Alumni need to step forward to support Catholic schools Print
Written by Mary C. Uhler, editor   
Thursday, Aug. 13, 2009 -- 12:00 AM

editor's view

The start of the new school year is just around the corner. Soon over two million children will be going back to school at over 7,000 Catholic elementary and secondary schools throughout the United States.

The past year (2008-2009) saw a 3.5 percent decrease in enrollment in Catholic schools in our country, according to figures released by the National Catholic Educational Association (NCEA). There were 78,382 fewer students than the previous academic year.

Good news and bad news

There was some good news and bad news. On the plus side, 31 new Catholic schools opened last year. However, 162 schools were closed or consolidated.

“Sadly, these school closings mean that many students will be deprived of the qualities that have marked Catholic education through the years: a dedication to faith, academics, and morals,” commented NCEA President Karen Ristau.

In the past decade it has become increasingly difficult for dioceses and parishes to provide the substantial financial assistance required to keep Catholic schools open, especially continuing to provide modest tuition levels and reasonable compensation for teachers.

Yet, Catholic schools are more important than ever. “Parents definitely want a faith-based education for their children during these turbulent times,” said Ristau.

Top-notch education in academics and faith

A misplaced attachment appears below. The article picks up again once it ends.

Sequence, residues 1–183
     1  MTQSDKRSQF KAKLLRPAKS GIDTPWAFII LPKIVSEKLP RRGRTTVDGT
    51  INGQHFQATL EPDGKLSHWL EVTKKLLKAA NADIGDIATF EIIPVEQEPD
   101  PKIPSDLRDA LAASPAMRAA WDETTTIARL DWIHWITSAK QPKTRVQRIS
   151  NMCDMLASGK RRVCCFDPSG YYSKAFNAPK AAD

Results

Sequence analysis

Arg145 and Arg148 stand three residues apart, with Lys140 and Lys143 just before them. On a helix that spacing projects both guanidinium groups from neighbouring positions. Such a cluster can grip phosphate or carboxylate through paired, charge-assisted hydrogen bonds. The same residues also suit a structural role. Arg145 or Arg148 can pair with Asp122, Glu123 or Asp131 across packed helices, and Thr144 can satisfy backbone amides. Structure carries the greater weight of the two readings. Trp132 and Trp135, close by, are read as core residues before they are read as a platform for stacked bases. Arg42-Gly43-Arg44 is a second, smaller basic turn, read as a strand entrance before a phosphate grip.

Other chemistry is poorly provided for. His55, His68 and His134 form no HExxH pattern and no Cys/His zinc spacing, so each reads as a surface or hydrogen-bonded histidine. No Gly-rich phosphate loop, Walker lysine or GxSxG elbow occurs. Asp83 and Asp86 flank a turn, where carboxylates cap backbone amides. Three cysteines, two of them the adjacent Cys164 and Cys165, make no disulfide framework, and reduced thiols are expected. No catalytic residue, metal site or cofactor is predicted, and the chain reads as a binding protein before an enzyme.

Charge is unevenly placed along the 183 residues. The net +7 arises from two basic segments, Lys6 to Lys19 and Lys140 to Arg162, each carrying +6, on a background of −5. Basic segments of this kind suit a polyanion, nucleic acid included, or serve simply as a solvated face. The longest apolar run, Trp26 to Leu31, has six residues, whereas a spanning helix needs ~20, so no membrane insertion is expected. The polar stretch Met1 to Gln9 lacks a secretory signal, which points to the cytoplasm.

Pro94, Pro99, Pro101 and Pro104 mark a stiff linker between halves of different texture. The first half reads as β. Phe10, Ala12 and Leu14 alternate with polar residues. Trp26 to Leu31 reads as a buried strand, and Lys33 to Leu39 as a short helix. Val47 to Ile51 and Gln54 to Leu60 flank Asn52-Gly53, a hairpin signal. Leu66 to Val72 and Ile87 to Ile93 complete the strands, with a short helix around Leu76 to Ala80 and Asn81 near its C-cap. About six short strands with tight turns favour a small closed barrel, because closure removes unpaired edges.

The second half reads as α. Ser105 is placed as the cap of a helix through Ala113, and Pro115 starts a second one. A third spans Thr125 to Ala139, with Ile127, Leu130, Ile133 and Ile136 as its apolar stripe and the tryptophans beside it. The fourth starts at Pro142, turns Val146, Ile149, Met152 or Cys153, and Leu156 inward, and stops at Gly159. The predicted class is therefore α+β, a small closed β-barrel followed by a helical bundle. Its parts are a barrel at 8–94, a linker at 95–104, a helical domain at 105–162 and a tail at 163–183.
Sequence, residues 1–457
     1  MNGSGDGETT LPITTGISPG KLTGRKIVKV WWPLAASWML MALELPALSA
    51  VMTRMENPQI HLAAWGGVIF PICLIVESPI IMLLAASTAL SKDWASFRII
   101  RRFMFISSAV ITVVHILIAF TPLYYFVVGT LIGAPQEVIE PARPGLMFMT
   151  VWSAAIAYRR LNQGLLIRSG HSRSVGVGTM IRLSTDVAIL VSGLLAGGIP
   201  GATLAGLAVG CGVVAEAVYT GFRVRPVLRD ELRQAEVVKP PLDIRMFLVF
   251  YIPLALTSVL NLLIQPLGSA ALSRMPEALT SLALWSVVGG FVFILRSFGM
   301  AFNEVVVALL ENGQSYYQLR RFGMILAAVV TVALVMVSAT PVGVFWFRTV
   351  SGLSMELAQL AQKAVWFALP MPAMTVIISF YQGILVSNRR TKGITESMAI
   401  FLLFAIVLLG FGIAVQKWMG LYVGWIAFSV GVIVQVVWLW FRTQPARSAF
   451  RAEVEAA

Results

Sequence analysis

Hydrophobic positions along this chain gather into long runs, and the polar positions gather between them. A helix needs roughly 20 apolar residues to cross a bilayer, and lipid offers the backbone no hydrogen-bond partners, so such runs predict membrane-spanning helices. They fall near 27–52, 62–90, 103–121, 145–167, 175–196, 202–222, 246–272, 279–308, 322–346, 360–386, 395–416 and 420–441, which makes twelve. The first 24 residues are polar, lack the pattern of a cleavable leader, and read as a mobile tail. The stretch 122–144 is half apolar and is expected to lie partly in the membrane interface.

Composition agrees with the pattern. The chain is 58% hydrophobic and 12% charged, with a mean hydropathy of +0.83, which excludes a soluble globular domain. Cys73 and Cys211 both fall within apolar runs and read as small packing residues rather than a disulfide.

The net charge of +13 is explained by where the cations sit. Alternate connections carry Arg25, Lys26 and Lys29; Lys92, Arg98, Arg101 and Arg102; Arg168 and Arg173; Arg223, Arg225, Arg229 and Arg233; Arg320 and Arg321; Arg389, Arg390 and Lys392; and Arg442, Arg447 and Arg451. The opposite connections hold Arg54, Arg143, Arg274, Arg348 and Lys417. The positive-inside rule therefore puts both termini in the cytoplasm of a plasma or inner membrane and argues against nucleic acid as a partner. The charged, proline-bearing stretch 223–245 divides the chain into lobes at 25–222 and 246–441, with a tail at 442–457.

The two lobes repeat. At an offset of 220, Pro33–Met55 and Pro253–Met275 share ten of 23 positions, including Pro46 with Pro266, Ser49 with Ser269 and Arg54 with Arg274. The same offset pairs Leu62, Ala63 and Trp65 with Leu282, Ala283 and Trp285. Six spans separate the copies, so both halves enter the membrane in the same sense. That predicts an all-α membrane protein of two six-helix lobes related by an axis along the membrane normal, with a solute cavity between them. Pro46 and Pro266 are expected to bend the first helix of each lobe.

Catholic schools do indeed provide a top-notch education in both academics and the faith. I count myself among those fortunate to experience a Catholic education at the grade school and high school levels.

I definitely had an excellent academic education. Catholic schools certainly continue that tradition. Catholic students still score much higher than their public school counterparts in reading and math scores. SAT scores for students attending religious schools continue to top those attending public schools.

But perhaps more important, students at Catholic schools receive a faith-based education. They learn about the teachings of the Catholic Church and how to live that faith in their daily lives through moral values and service. They see the witness of committed Catholic teachers throughout the school day.

Catholic school alumni have graduated from colleges and technical school; had successful careers; and have chosen vocations to the priesthood, consecrated life, and married life.

Alumni must step forward

What can be done to ensure that Catholic schools stay open and continue to provide an excellent education in academics and faith in the future? I think the answer must come from adults stepping forward to support Catholic education, especially those who have themselves been educated in Catholic schools.

These alumni should be among those who help support today’s Catholic schools. This means not only the schools they attended, but other Catholic schools, too.

“If the millions of adults who have benefited from Catholic education in the past would step forward financially to help the next generation, we could prevent the closing of more schools in the future,” said NCEA’s Ristau.

She is right. We alumni must consider how we can help support Catholic schools with our time, talent, and treasure.  Most schools have Web sites, so it should be easy to reach them. In the Diocese of Madison, go to the diocesan Web site at (click on schools) for more information. Also see diocesan Superintendent Michael Lancaster’s article in this week’s Catholic Herald to find out how you can be involved in the diocesan Catholic school planning process now underway.